Mette Ivie Harrison

Mormon joy, Lehi's dream, and the love of God

Mette Ivie Harrison

A guest post by Mette Harrison

One of my favorite stories in Mormonism is Lehi’s dream in the Book of Mormon.

After Lehi has left Jerusalem before its destruction, he has a vision of an allegorical tree with beautiful, pure fruit on it. When he tastes it, it is “most sweet, above all that I ever before tasted.” He also says that it “filled my soul with exceedingly great joy; wherefore, I began to be desirous that my family should partake of it also” (1 Nephi 8:11-12).

It’s interesting to note that unlike the allegorical tree of the “knowledge of good and evil” which Adam and Eve sample in the Garden of Eden story, partaking of this fruit has no dark side to it. There are no negative consequences, and no one has to trick anyone into taking it.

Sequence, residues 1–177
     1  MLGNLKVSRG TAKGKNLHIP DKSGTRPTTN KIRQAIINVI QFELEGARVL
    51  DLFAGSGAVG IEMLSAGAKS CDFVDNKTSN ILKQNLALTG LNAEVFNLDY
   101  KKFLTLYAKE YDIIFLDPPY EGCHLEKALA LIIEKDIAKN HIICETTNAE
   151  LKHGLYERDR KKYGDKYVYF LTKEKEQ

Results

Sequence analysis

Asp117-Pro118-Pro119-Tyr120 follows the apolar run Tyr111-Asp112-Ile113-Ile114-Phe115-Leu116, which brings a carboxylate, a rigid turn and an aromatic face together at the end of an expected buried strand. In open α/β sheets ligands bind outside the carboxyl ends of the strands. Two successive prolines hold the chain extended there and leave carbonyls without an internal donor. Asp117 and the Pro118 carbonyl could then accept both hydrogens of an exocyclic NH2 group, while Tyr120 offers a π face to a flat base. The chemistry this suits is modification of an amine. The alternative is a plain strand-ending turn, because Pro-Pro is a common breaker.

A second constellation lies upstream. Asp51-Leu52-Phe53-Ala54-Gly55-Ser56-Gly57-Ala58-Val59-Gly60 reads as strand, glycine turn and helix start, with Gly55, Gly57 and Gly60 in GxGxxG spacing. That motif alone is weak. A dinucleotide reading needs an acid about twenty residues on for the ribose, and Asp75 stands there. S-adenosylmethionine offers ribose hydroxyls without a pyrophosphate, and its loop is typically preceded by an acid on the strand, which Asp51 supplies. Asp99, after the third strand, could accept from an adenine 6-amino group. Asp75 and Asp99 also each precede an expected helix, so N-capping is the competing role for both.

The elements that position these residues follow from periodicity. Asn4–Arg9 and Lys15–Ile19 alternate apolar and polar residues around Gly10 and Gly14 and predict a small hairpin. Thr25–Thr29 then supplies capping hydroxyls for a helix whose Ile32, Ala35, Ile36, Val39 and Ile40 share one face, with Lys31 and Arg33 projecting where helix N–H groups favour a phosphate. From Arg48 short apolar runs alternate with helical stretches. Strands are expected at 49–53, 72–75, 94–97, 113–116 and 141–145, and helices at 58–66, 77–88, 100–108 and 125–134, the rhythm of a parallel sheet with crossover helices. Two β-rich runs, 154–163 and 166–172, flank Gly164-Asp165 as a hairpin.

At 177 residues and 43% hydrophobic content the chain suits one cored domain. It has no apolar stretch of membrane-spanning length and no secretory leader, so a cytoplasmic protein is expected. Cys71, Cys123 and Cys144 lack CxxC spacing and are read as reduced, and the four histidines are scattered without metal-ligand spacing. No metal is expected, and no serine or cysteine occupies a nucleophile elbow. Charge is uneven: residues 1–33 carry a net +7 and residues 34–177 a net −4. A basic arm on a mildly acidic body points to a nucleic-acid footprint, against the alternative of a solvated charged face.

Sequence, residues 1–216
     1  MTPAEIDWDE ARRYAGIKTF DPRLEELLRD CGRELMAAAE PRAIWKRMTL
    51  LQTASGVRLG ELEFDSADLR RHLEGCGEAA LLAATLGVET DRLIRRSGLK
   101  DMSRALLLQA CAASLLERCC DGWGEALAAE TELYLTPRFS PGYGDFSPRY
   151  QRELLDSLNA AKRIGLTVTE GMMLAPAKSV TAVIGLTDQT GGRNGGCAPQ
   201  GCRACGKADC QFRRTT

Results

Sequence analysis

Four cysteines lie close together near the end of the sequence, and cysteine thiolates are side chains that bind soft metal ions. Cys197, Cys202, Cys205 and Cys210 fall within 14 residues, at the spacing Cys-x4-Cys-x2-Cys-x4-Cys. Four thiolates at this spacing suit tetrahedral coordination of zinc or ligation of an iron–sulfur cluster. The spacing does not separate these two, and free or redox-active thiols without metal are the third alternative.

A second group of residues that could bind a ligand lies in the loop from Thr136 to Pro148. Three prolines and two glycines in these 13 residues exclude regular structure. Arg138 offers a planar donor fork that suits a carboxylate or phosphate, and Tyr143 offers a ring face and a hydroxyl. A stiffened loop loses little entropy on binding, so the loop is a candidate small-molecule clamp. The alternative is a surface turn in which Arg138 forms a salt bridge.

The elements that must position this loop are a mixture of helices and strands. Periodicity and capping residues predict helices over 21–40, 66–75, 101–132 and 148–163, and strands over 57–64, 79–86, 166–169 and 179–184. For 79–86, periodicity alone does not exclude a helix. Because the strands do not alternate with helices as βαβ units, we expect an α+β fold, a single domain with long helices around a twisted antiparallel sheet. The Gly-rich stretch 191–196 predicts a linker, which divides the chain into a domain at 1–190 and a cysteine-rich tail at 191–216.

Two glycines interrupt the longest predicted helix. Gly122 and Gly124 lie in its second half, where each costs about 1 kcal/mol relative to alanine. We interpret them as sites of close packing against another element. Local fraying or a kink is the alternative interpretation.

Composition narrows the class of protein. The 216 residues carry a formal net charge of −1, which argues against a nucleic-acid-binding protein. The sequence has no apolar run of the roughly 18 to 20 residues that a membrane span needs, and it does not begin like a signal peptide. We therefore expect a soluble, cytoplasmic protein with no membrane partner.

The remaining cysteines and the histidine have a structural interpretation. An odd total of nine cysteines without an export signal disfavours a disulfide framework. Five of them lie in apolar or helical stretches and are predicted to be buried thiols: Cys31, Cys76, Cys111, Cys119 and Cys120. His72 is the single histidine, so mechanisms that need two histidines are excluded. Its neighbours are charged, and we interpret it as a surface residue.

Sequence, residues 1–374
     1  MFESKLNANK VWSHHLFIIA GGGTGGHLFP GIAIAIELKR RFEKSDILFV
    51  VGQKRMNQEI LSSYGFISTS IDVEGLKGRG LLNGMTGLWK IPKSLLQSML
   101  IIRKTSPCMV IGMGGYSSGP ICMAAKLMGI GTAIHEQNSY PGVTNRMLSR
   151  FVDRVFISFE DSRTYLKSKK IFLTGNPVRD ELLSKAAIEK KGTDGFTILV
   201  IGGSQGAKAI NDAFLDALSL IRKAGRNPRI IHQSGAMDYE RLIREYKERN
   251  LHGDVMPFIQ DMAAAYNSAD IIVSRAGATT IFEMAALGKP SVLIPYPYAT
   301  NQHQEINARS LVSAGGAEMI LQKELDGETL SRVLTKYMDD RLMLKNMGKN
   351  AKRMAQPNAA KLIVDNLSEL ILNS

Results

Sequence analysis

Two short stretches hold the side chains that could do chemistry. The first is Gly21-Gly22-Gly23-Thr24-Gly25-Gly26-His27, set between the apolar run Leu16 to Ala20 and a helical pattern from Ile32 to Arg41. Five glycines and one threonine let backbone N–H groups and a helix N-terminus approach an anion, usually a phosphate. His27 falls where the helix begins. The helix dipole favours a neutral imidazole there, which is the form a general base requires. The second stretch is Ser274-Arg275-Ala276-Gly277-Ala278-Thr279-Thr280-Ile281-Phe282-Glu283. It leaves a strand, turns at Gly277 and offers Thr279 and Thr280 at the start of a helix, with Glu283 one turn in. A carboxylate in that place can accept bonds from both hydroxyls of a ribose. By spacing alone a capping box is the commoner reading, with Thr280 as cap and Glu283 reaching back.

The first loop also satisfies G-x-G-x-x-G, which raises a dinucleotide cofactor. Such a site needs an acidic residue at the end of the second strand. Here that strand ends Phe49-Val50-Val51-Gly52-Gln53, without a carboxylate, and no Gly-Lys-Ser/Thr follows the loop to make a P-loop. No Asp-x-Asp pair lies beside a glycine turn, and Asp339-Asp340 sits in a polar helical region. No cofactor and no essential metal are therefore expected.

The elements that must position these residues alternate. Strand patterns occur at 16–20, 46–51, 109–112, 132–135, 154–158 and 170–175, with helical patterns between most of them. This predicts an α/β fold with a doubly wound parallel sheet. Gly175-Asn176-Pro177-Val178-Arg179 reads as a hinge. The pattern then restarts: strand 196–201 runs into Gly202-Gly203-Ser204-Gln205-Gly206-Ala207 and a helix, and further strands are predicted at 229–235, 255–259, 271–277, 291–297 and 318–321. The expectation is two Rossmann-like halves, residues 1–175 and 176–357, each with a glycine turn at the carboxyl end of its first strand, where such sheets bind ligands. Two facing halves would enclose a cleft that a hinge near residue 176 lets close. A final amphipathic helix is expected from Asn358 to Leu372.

The dream continues with Lehi being successful in getting some of his family (his sons Sam and Nephi and his wife Sariah) to partake of the fruit, but not his sons Laman and Lemuel, who are the problem children for most of the beginning of the journey to the new world. Laman and Lemuel are caught in the “mists of darkness” and pay attention to being mocked by those in the “great and spacious building.”

Of course, this dream is meant to be an allegory for our lives on Earth and the ways in which we are led astray from finding the delicious fruit of the tree, which an angel explains is meant to represent the “love of God.” The love of God waits for anyone who wishes to come and partake of it. It is an invitation to all, and no one is prevented from receiving it. The only people who do not get to taste it are those who choose to deny themselves its goodness.